Nasiyan (Red) Temple (or Soni Ji Ki Nasiyan): This double-storey red-dyed Digambar Jain temple has interesting gold plated wooden figures from Jain mythology. The glass mosaic, precious stones, gold and silver work make it a feast to the eyes. It is open daily (8:30 am-4:30 pm).

Festivities: During Id, Muharram, Urs (the death anniversary of the Khwaja), Ramadan Ajmer turns into a pulsating beehive of pilgrims. It is recommended to check out the timings and avoid visiting during these festivals. But you can tune in to the Pushkar Mela during November a few miles away from Ajmer.


Ajmer is famous for atar (perfume) squeezed out of rose petals. And this dates back to the age of Emperor Jehangir who patronized its use. As for the other knick-knacks, you can stuff your bags with some exquisite jootis or mojaris (sandals), silver and gold jewelery, tie-n-dye fabrics, block printed textiles (Rajasthani bandhni) especially , embroidered blouses. And if you have landed there during Urs (the death anniversary of the Khwaja), you can have some good buys as the local artisans congregate near the Dargah to sell their wares.

The Shopping arcades are Puraa Bazaar (upmarket items), Kaisarganj Purani Mandi, Madar Gate and Nala Bazaar.


Ajmer doesn't seemingly have any particular taste of cuisines endemic to itself. Its kitchens are a confluence of Rajasthani, Mughlai, Indian food, while the restaurants have a splash of Continental, Italian, Chinese and Kosher to tango the menu. Try the ethnic Rajasthani dal-batti-choorma and ghewar (a sweet khoya delight).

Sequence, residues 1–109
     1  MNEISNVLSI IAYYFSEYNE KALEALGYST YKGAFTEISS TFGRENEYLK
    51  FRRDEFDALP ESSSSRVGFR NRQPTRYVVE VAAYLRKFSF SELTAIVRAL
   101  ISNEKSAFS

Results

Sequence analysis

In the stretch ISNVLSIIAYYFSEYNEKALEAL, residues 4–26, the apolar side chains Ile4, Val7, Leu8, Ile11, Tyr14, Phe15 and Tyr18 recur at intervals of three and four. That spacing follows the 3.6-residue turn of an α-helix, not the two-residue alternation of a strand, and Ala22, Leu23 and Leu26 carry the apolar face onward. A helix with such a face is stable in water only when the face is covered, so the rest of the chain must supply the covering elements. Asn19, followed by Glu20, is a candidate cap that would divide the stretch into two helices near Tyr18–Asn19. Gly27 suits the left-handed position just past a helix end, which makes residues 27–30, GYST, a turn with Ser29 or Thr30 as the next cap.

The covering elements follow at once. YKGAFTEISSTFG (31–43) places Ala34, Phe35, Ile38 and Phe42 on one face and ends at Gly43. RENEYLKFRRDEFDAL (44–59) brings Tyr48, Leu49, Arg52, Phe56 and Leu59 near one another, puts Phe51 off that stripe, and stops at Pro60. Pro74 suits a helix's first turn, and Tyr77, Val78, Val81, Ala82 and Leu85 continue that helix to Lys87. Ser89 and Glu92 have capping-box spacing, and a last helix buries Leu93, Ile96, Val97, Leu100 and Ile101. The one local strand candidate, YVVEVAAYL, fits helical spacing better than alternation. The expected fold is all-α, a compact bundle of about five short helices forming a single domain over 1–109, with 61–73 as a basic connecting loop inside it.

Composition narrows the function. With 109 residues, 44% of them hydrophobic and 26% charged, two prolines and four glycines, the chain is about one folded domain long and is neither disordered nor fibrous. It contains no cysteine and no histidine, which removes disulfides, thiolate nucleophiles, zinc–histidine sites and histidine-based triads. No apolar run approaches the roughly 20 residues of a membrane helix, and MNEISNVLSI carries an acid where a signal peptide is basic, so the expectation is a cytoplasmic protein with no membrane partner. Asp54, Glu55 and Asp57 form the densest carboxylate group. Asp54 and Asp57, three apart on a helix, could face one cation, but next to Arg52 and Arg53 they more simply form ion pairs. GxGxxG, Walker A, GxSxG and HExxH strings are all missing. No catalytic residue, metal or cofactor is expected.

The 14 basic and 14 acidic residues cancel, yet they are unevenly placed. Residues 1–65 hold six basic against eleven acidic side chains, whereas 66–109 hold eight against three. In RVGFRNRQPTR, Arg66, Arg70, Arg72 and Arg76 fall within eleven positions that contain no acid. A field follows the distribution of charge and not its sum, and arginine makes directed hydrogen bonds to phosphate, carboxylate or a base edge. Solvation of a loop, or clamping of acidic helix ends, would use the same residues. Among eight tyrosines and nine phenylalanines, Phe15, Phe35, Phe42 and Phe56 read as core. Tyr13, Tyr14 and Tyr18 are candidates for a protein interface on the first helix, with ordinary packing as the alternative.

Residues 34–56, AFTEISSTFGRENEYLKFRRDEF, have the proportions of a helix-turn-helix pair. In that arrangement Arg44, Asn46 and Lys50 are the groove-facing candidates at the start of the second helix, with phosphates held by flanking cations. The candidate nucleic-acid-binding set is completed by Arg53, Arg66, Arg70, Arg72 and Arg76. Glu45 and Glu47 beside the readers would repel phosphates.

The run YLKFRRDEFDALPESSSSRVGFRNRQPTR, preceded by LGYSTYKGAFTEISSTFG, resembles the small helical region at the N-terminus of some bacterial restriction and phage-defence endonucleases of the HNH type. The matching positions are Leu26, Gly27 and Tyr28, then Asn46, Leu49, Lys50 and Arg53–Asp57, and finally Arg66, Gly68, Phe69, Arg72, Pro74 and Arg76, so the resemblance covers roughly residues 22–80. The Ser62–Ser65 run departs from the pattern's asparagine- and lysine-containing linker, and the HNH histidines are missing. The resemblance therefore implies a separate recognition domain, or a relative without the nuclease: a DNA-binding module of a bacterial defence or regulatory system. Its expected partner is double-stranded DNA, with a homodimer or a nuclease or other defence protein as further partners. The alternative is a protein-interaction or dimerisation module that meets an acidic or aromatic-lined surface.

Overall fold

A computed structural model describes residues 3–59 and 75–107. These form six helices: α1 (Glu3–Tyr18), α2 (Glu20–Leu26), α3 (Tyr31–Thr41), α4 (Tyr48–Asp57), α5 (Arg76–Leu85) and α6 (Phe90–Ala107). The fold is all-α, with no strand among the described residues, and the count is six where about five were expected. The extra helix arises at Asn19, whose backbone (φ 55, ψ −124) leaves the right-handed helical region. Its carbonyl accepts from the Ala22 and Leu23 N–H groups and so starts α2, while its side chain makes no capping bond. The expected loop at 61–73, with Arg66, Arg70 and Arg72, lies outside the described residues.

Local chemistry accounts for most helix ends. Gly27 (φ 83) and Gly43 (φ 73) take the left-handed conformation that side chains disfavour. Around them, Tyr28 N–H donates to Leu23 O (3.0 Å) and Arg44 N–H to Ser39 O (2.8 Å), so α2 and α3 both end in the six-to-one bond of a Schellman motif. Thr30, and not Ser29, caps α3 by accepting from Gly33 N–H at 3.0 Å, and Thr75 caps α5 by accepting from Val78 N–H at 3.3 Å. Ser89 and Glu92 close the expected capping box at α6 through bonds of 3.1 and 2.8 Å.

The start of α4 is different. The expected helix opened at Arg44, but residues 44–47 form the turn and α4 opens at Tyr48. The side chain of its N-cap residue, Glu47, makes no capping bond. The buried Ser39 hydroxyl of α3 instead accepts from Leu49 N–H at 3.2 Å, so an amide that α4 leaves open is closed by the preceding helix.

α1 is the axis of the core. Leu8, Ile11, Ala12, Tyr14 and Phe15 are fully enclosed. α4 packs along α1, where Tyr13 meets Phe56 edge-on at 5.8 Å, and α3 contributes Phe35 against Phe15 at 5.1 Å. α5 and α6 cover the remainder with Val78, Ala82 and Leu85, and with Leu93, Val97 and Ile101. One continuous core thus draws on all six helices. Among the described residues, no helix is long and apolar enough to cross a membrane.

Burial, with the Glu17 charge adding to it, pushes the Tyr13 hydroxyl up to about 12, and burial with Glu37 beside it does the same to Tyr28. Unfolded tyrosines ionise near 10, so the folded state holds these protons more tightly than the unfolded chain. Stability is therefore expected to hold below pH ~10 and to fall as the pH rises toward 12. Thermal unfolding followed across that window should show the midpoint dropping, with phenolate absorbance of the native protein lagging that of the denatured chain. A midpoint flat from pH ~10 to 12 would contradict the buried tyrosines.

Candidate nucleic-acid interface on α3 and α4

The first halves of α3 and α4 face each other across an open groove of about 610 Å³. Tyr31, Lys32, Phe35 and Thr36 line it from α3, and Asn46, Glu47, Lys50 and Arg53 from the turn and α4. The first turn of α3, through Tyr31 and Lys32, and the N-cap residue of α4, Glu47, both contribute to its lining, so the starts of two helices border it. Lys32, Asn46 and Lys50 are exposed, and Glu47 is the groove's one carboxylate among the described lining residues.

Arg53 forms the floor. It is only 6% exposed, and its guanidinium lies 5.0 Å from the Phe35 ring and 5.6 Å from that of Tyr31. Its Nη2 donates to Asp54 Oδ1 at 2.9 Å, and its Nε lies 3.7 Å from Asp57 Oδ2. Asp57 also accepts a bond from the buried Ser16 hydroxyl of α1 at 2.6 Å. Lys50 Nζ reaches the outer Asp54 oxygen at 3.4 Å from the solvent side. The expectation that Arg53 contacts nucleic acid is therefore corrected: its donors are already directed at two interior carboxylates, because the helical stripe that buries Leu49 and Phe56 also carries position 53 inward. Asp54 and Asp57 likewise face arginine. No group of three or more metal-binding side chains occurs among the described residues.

Head for Sheesh Mahal (a swanky eatery at Mansingh Hotel), Bhola (at Agra Gate), Honey Dew (Station Road), Jai Hind (Station Road), Tandoor Restaurant (Jaipur Road) for some scrumptious delicacies.


Pushkar (11 km): A renowned Hindu pilgrimage destination, an interesting legend and the famed Fair makes it what it is - famous. Brahma, one of the Gods of the Hindu triology, was cursed by his consort Savitri that he would not be worshiped by those on earth, except at Pushkar. And hence the Brahma temples here. Come November and the annual cattle fair (Pushkar mela) makes it a swarming joint. Don't come back without a holy dip at the beautiful Pushkar lake. Another legend to it is that the 14th century Sanskrit poet and playwright chose this setting for his masterpiece Abhigyanam Shakuntalam. Banking it is the majestic Man Mahal, palace of Raja Man Singh of Amer, presently an RTDC tourist bungalow. The Pushkar palace Kishangarh House, is today a luxurious heritage resort.

Chhatra Sagar, Nimaj (100 km): Go there for some eye-warming sight of exotic birds around a more exotic lake (about 100 year old). And imagine the excitement if you can actually lodge right at the bank of that panoramic lake. October to March is the best period to head for this exotica.

Location :
In Rajasthan,
135 km West of Jaipur

Go there for :
Dargah Sharif, Monuments

Climate :
42°-48°C (Sum/daytime); 15°-4°C (Win)

When to Go:
Oct - Mar

Local Tongue:
Hindi, Rajasthani

Literacy :

STD Code :
+ 91 - 145